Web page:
New 9th Circuit Case Highlights Importance for Healthcare Providers Knowing How To Get Legal Standing

A new 9th Circuit Court of Appeals case, DB Healthcare, LLC et al v. Blue Cross Blue Shield of Arizona, Inc. and Advanced Women’s Health Center, Inc. v. Anthem Blue Cross Life and Health Ins. Co., handed down March 22, 2017 highlights the importance for healthcare providers of knowing how to get legal standing to sue under ERISA, and how to fight health plan actions to recoup overpayments. A copy of the case is attached.

Two providers sued to obtain an order that the health plans’ payment denials of certain blood tests and related services, and actions to recoup payments made, were unlawful. They also sued for monetary damages. The providers disputed the overpayments and refused to repay Blue Cross $237,000 and Anthem $295,913, respectively. Blue Cross threatened to withhold re-credentialing and threatened to terminate relevant provider agreements. Anthem went further and withheld reimbursement for unrelated claims.

The district courts dismissed the providers ERISA claims for lack of standing because 1) the operating plan documents prohibited assignment and 2) even where the plan documents did allow assignment, the assignment form was not broad enough to cover the relief the provider wanted, namely the injunctive and declaratory relief to stop Anthem from withholding reimbursement of unrelated claims. The 9th Circuit Court upheld the dismissals and held that the providers could not sue under ERISA.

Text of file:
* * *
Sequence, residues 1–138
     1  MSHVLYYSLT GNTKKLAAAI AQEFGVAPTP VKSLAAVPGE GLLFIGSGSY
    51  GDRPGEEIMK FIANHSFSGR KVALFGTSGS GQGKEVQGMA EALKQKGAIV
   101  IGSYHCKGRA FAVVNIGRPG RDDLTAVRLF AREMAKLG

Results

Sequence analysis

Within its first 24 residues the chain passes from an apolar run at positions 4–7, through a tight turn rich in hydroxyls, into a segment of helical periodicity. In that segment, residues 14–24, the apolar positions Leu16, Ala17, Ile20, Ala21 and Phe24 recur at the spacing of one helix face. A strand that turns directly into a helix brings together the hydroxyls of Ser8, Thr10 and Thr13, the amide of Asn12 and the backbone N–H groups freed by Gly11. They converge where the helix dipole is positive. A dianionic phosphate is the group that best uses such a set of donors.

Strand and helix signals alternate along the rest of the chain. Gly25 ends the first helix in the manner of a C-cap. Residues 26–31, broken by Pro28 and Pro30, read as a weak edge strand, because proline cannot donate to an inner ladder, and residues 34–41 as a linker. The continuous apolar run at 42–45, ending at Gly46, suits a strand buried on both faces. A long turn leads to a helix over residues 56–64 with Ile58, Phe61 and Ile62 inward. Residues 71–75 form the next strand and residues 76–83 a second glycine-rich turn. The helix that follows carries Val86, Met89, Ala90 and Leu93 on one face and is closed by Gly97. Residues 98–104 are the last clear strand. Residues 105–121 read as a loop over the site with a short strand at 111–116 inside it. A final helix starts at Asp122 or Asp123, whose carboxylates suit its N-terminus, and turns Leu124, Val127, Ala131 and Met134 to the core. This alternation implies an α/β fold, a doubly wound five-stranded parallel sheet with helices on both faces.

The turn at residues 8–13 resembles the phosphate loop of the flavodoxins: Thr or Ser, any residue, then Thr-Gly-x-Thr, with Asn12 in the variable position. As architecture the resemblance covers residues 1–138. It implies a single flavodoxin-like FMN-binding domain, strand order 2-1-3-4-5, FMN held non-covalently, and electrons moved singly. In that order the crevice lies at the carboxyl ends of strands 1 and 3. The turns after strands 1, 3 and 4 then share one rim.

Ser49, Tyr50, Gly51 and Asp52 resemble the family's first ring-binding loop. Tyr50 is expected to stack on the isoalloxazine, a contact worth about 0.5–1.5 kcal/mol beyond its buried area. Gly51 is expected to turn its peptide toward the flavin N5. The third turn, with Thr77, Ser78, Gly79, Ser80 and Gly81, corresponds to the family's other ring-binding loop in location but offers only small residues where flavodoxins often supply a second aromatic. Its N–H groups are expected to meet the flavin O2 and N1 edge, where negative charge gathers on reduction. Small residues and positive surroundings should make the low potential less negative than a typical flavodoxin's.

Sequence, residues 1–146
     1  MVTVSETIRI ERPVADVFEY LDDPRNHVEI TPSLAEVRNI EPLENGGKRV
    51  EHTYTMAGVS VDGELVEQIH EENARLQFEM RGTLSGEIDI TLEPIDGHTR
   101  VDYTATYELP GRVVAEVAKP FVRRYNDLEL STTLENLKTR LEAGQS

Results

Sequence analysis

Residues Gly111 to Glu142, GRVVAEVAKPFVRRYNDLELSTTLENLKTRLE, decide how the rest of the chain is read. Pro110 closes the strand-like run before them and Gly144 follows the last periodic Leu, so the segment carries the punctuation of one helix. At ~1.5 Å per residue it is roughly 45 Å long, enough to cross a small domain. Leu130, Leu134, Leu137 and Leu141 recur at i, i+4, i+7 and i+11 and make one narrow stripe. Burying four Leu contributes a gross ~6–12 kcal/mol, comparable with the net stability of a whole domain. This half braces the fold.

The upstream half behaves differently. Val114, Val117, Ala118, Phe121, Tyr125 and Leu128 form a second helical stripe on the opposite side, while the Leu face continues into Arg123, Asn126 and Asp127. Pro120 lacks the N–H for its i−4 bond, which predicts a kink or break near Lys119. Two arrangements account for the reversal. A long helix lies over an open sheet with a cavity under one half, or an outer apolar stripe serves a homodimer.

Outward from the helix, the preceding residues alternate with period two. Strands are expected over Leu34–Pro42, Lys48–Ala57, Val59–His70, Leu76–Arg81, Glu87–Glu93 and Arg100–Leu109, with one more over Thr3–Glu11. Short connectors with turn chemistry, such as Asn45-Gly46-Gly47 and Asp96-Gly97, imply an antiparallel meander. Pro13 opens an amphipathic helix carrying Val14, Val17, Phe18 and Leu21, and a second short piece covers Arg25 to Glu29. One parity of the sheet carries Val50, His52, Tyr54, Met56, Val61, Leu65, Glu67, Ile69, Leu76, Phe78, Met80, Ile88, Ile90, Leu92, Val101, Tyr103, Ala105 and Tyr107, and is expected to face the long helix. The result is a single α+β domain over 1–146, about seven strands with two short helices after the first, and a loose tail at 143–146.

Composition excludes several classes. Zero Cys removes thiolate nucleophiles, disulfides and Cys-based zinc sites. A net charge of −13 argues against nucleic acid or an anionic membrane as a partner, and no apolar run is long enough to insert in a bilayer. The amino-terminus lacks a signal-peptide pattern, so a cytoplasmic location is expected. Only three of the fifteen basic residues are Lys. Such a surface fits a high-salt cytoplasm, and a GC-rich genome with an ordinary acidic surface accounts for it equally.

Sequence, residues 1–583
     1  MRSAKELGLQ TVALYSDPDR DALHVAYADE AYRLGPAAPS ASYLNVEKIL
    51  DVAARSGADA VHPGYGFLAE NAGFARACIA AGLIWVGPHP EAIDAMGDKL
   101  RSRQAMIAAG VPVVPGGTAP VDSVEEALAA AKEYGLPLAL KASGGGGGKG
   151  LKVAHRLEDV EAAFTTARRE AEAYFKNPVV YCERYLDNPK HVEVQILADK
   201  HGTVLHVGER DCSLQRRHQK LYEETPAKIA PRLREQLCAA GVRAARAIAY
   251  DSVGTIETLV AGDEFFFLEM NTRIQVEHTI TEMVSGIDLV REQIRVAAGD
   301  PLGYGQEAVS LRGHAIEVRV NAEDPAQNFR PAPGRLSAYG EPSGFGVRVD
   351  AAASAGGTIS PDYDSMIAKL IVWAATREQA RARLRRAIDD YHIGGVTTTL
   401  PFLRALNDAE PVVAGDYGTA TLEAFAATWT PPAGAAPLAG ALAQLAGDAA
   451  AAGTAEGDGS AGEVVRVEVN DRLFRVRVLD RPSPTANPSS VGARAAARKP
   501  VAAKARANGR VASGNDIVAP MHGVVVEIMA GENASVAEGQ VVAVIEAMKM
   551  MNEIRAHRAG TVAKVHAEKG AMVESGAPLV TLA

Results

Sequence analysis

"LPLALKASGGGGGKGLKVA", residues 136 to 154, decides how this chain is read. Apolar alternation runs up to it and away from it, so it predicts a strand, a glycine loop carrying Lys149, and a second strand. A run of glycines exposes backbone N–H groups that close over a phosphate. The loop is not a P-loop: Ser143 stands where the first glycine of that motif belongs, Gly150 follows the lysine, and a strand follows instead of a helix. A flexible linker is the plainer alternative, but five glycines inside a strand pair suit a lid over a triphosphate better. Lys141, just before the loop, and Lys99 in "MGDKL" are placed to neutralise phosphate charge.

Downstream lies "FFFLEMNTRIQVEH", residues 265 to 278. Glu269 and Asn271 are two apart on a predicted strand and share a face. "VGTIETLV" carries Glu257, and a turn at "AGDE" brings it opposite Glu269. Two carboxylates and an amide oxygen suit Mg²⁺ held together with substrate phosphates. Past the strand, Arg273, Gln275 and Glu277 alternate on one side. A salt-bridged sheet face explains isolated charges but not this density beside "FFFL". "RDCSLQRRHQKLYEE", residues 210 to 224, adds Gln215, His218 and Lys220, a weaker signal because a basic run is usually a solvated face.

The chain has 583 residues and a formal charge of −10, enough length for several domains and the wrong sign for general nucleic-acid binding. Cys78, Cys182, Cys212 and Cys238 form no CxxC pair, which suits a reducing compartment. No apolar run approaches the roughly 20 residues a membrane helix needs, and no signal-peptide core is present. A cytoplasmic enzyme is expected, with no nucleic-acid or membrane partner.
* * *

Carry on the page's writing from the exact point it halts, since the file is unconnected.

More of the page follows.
The Court, however, left open the door for providers to fight overpayment and recoupment actions under State law where ERISA does not apply stating:

“ We caution that our conclusions regarding the reach of ERISA’s statutory remedies do not necessarily preclude Providers from contesting the recoupment and offsetting actions they dispute….Any state law claims for breach of the provider agreements could not have been brought under ERISA and would have an independent legal basis. Such claims would not be preempted by ERISA.” (emphasis supplied)

Lessons from this case for providers:

  1. Review patient assignment forms to make sure the language is broad enough to include all forms of legal actions, such as “all legal and equitable causes of action and relief, under federal and/or state law”. The Court found that the parties intended to assign only the right to payment. It should be broader than that.
  2. Fight overpayment and recoupment actions under state law, not ERISA. For example, in California use the law of mistake and regulation Title 28 1300.71 which can prevents offsets.
  3. It is preferable to fight overpayments and recoupments under state law, not ERISA. The law is clear from this decision and precedent that the existence of a contract, express or implied, takes your claims out of ERISA, and therefore your claims cannot be preempted and can go forward in court under state law.

Robert Amador, Amador Law Corporation, Torrance, California. 4.5.16